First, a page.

[RFC] IDLE/DEEP IDLE scheduler modification for power savings

Ben Dooks ben-linux at fluff.org
Mon May 10 20:22:13 EDT 2010

On Mon, Apr 12, 2010 at 09:55:28PM +0900, jassi brar wrote:
> On Mon, Apr 12, 2010 at 6:39 PM, Lukasz Majewski <l.majewski at samsung.com> wrote:
> > One approach to solve the problem, and therefore deliver power savings,
> > is to modify the ALSA driver and provide a switch to inform the CPU IDLE
> > framework that it should now use the DEEP IDLE instead of IDLE when entering
> > the Low Power Audio playback mode is expected.  This change may be performed
> > by replacing the method for entering the IDLE mode to DEEP IDLE. Moreover
> > some sources immune to power gating (like e.g. RTC timer) have to be used
> > for waking up. The biggest problem for this approach is the kernel's policy
> > violation, that no user program should directly change scheduling/idle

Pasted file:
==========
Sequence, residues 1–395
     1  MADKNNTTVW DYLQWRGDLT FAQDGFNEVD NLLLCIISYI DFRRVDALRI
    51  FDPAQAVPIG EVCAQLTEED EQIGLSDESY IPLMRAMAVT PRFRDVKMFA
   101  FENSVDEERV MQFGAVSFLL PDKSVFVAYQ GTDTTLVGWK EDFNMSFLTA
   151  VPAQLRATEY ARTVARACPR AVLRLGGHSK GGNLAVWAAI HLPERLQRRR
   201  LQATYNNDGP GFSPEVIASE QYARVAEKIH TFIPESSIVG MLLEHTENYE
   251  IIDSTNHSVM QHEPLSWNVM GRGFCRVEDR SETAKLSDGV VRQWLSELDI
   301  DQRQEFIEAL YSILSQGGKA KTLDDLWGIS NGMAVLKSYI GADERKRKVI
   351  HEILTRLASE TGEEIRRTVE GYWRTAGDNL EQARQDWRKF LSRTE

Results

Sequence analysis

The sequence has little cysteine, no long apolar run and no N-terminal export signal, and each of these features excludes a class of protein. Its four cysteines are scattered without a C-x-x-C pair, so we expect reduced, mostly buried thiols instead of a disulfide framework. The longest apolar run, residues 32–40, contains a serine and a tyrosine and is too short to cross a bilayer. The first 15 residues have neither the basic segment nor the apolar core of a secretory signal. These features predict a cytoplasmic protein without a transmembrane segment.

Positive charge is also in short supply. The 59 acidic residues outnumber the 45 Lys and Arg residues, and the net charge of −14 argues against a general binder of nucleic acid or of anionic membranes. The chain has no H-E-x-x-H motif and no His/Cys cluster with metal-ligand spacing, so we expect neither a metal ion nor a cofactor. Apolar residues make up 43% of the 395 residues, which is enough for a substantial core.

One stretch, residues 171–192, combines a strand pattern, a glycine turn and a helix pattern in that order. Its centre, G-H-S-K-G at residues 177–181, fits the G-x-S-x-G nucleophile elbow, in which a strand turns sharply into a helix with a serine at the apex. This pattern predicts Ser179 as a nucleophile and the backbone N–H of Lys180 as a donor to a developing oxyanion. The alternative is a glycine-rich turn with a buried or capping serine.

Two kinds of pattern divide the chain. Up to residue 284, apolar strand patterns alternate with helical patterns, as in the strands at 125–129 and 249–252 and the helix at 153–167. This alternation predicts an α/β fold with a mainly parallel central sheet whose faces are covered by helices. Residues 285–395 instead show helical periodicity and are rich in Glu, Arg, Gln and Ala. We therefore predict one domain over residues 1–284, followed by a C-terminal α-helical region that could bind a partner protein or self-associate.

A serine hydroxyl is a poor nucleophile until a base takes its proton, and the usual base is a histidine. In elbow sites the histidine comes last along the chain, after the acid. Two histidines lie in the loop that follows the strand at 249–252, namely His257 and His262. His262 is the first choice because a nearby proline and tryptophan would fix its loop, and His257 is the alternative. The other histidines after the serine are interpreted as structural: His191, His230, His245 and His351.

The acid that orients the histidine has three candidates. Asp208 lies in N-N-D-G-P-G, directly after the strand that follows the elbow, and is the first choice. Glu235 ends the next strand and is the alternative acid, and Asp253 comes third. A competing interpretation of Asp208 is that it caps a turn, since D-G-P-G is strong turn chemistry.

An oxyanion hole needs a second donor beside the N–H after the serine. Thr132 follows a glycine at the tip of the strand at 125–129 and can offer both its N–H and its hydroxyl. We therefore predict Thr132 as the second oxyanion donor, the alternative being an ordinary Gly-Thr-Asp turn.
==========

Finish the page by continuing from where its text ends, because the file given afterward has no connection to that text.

> > policy.
> Actually any power saving mode is transparent to the LPAM(LowPowerAudioMode).
> "LPAM h/w" is simply an I2S controller with an additional 'overlay'
> stereo channel
> which is h/w-mix'ed with the first two of the 6 channels. And these overlay
> channels works just as well in normal power mode. LPAM is but one
> ramification of
> of the platform using the interrupt as a wakeup source. It is also used for
> low latency playback like 'alerts' and 'alarms'.
> Our LPAM doesn't work right away not because of the power management stack
> but because ASoC can't yet handle a
> codec-active-in-system-suspended-mode scenario.
> So, I too think it's a bad idea to hack core PM for things like LPAM.
> > So what is your opinion about integrating use of the DEEP IDLE state mode
> > in the scheduler (either as new scheduling policy or modifying scheduler
> > code)?
> imho, such 'variation' in suspend had better be implemented in
> platform specific manner.
> Just because samsung's manual call it deep-IDLE doesn't make it an 'IDLE' mode.
> It is closer to suspend than idle, at least to me.

It does seem to be a form of suspend, as it halts the SDRAM and powers
down the ARM core... this means that there's a whole pile of stuff that
needs to be considered before allowing the system to go into such a state.


Q:      What's a light-year?
A:      One-third less calories than a regular year.

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